Displaying art

We have a window in our play room that was just screaming for some art.

So we’ve been decorating paper Easter Eggs and creating ‘stained glass’ Easter Eggs these last few weeks to come up with this Easter display.

(I did have a tidier photo that I was going to share with you, but this one seemed more honest, lol.)

The wooden shabby chic highchair I picked up off Ebay for $2, and is where JJ stands whenever we cook together, such as here, here, and here. The jellybean mat underneath stops me from saying no when JJ has her hand in the flour, again.

I scored the dolls house on the right during a local council pick-up, and is now home our toilet paper dolls collection (including the latest recruits).

The red spotty mat sits under JJ’s table and chairs, and has kept the carpet relatively clean through many indoor art and craft experiences, such as here, here and here. Actually the “spotty mat” is a flannel backed vinyl tablecloth, which works perfectly! The flannel helps it to grip to the carpet. It’s latest 1.5 very active years, but a replacement is on the shopping list at the moment, so you might see some new colours on our floor soon.

Can you see the painting to the left of the window? That was the first intentional painting that JJ made, when she was one and a half or so years old. (She’d made plenty of messes before, but never intentionally chosen colours and created a painting). I never intended for it to be up on the wall this long – but somehow I can’t bring myself to take it down.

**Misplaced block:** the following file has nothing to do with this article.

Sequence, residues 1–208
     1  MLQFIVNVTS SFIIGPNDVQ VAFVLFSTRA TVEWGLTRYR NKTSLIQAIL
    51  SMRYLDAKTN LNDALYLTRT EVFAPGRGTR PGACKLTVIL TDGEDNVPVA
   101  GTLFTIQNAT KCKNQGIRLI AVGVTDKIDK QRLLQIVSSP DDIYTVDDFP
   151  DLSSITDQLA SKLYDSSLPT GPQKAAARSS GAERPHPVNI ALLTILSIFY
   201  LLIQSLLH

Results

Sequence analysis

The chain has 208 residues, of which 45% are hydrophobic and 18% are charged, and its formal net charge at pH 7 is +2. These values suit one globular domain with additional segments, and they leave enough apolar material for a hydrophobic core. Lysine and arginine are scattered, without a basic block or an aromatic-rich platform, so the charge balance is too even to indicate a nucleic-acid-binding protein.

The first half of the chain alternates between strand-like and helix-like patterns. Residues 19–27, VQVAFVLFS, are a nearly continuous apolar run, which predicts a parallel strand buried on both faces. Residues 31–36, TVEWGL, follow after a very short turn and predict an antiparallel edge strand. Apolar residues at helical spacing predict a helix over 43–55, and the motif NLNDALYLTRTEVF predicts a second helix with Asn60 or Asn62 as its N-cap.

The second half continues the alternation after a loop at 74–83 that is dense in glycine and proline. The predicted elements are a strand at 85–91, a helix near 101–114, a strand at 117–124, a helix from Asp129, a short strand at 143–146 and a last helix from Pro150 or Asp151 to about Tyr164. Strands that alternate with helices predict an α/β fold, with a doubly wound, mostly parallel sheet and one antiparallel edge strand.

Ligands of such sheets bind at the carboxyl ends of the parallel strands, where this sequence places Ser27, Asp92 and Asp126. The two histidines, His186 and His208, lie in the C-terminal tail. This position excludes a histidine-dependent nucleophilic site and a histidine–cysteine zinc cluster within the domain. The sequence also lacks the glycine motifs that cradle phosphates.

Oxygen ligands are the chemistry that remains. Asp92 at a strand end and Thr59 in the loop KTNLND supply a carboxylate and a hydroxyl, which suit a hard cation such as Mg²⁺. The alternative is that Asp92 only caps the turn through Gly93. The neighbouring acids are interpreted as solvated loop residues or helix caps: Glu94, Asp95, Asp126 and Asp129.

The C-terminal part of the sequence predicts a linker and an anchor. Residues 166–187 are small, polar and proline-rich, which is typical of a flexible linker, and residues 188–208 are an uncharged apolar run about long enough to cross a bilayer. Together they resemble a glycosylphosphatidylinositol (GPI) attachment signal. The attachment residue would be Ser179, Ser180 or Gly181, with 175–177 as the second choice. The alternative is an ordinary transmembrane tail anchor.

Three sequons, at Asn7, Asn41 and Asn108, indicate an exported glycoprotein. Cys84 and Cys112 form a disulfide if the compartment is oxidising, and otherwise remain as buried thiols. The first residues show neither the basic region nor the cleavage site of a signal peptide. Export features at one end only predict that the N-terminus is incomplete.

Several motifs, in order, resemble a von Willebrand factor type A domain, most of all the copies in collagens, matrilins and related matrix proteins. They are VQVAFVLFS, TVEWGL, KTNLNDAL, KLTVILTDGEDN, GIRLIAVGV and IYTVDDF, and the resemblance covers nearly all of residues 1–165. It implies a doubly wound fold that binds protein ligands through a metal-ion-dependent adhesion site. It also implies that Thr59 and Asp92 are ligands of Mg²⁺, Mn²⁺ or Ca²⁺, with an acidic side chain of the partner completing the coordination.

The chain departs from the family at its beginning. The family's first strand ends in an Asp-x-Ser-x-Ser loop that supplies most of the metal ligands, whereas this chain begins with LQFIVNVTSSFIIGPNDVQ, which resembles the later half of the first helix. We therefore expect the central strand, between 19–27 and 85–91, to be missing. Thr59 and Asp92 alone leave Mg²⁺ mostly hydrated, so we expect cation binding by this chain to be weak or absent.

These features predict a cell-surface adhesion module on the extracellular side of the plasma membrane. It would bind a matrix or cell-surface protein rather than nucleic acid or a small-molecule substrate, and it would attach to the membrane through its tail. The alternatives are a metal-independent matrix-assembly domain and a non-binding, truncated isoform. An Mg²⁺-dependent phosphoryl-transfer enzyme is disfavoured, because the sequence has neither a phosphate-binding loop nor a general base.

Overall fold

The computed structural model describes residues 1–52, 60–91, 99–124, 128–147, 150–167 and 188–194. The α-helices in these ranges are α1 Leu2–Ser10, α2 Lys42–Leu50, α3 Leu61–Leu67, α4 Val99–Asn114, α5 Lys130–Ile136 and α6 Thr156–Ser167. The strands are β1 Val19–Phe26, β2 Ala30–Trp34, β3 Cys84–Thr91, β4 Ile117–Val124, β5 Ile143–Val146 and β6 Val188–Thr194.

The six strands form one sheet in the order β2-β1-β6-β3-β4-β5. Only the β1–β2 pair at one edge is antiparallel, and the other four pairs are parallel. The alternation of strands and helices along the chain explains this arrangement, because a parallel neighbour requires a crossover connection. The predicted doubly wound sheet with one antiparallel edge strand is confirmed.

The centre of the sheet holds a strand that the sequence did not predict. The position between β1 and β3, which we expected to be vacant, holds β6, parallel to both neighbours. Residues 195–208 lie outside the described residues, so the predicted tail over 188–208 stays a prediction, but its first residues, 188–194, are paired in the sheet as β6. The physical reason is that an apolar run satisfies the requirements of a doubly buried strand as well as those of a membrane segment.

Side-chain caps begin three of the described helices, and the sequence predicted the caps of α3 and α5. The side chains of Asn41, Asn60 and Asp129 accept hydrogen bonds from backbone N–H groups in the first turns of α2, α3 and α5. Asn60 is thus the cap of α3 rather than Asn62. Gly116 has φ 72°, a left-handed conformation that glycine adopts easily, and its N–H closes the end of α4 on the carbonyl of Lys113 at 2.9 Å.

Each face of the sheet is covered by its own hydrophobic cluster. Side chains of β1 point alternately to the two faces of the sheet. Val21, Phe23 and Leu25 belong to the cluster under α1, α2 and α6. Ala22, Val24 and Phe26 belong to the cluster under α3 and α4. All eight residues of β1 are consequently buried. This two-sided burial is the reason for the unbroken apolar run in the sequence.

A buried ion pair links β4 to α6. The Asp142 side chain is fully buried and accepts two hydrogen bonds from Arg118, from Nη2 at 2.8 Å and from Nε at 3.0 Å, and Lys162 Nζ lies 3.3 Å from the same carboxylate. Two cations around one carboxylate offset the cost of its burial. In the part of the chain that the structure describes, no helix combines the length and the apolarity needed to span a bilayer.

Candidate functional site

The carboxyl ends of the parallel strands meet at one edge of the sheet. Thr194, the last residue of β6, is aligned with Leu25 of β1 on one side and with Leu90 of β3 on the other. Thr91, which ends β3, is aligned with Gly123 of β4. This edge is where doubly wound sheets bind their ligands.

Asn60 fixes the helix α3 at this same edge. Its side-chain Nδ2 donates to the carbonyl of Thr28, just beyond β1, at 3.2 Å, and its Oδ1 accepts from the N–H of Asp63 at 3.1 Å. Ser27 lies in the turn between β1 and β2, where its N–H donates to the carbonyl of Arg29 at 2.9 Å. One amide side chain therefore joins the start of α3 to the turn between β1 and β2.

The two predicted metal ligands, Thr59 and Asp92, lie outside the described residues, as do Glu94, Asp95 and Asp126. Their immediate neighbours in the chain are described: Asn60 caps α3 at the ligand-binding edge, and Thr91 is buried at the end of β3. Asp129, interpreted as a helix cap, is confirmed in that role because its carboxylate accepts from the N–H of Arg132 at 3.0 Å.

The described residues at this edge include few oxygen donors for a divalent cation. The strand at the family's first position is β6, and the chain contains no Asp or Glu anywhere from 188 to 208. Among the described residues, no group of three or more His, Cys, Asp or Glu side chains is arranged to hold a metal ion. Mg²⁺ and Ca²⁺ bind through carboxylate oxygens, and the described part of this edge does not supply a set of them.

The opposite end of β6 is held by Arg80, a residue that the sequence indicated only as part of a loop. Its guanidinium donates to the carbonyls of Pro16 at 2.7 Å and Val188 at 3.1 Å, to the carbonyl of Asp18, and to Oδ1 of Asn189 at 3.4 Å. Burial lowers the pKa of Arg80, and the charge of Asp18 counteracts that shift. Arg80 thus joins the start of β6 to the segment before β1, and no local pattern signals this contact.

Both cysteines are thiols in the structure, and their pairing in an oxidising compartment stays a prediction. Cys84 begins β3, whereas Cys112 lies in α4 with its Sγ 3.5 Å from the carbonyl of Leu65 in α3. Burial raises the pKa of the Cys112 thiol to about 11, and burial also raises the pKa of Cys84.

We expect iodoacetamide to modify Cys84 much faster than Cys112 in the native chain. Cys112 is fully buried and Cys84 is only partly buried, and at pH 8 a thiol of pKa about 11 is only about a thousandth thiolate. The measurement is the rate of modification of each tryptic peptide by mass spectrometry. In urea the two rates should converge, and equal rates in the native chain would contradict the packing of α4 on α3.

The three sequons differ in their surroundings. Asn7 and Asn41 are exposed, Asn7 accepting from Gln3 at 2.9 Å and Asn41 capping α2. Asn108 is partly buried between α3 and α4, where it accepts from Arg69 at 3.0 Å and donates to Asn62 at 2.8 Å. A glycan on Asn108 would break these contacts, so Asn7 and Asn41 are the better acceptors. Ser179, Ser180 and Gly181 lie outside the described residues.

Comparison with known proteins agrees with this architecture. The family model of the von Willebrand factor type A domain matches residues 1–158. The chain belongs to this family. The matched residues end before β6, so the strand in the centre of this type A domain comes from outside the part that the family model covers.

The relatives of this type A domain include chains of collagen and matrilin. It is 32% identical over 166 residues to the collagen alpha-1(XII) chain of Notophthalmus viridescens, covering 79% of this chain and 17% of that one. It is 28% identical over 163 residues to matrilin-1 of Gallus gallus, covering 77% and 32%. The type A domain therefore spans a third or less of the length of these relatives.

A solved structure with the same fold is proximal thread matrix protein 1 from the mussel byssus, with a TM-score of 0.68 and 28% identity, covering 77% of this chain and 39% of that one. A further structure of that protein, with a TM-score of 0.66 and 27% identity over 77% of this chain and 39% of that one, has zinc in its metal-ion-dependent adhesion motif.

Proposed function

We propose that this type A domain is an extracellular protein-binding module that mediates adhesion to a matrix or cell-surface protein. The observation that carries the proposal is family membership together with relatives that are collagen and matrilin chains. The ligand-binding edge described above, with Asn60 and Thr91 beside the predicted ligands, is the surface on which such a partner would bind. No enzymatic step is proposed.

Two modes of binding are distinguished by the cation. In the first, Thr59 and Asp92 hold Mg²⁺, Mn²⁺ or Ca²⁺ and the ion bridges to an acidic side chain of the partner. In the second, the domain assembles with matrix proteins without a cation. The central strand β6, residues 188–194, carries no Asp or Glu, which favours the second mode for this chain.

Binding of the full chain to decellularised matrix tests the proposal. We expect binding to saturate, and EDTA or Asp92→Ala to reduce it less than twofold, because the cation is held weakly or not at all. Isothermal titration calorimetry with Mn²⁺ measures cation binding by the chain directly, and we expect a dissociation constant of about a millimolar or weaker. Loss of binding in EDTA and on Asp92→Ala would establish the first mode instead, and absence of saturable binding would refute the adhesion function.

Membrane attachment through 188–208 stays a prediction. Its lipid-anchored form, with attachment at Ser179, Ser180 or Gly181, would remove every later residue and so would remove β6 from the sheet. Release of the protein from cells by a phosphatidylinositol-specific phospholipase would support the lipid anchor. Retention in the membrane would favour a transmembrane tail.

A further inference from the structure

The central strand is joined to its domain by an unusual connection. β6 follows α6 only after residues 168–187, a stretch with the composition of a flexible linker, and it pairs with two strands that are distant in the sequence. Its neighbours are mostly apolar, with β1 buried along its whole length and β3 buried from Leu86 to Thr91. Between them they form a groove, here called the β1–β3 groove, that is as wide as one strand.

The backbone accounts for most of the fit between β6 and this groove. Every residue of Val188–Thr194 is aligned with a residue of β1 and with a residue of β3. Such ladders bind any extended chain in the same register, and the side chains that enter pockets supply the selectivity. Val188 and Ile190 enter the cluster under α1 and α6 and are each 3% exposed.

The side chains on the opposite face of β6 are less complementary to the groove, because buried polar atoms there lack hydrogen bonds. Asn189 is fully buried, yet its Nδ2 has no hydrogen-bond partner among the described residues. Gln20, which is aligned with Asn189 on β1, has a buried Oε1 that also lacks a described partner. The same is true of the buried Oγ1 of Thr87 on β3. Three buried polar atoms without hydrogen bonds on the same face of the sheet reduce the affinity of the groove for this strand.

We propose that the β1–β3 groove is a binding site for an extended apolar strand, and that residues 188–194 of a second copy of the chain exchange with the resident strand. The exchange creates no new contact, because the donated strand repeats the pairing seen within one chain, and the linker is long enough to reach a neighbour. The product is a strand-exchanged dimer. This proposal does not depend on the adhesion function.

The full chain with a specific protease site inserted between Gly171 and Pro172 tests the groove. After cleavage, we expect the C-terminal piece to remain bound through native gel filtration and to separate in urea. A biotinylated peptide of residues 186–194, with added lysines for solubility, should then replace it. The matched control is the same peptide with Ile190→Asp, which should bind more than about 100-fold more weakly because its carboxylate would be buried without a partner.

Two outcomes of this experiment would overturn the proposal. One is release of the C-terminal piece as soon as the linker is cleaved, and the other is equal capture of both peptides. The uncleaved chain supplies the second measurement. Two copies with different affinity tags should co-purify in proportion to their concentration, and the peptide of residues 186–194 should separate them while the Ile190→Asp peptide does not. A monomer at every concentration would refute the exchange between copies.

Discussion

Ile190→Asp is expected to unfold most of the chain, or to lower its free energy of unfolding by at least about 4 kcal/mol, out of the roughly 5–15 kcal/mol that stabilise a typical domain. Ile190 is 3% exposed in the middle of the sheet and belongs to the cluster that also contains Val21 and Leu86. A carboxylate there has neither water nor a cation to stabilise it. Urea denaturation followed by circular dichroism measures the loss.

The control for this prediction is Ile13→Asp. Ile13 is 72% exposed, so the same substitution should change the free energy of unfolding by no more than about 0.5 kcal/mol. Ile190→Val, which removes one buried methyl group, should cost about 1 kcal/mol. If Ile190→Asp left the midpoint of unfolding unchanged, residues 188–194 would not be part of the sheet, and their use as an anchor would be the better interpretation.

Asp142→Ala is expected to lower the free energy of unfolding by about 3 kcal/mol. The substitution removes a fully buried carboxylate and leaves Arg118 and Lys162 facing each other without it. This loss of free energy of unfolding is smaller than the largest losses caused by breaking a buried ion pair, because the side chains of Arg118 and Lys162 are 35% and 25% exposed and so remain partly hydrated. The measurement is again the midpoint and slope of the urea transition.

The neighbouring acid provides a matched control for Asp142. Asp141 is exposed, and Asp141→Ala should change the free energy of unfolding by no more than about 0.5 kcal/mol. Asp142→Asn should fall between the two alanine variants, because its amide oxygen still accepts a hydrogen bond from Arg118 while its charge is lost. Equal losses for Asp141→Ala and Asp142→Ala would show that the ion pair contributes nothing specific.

If you back up a few steps, there’s a couch to the left and the wall behind it is displaying JJ’s cupcake patty pan art. This was probably her first self-directed art. She used to paste by herself before dinner every night, creating dozens of masterpieces. It was one of the first things that I blogged and is the artwork that adorned my blog header when I first started.

Any art that doesn’t go on the walls gets saved to be reused as homemade wrapping paper or cards. We haven’t used store-bought wrapping paper or cards for at least a year. You’re much more likely to get a card made out of a scribbled paper plate or similar (which I personally think is more meaningful than a bunch of Hallmark words anyway).

What does your playroom look like? How do you display your children’s art?


Leave a Reply

Your email address will not be published. Required fields are marked *